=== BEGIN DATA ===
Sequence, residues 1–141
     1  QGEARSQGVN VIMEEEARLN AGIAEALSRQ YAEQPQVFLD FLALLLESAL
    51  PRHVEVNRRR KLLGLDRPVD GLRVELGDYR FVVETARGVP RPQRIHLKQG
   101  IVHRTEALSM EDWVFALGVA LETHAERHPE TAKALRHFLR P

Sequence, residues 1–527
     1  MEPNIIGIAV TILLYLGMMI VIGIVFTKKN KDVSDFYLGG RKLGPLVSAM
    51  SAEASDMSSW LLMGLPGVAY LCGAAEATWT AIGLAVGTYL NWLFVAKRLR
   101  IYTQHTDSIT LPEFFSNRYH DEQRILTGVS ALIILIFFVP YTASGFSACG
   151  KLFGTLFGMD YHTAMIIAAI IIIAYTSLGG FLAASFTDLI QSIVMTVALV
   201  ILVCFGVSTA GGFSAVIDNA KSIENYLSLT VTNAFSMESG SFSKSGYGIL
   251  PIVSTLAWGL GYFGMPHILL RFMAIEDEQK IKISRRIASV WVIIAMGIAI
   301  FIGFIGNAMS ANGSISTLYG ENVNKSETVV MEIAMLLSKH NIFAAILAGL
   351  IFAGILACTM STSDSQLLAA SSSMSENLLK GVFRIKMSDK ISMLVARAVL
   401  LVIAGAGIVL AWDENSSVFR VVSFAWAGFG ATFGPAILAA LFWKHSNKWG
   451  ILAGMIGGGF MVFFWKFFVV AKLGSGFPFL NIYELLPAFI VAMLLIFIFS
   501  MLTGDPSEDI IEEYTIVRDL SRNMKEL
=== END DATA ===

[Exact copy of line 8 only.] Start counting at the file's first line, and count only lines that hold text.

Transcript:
   101  IYTQHTDSIT LPEFFSNRYH DEQRILTGVS ALIILIFFVP YTASGFSACG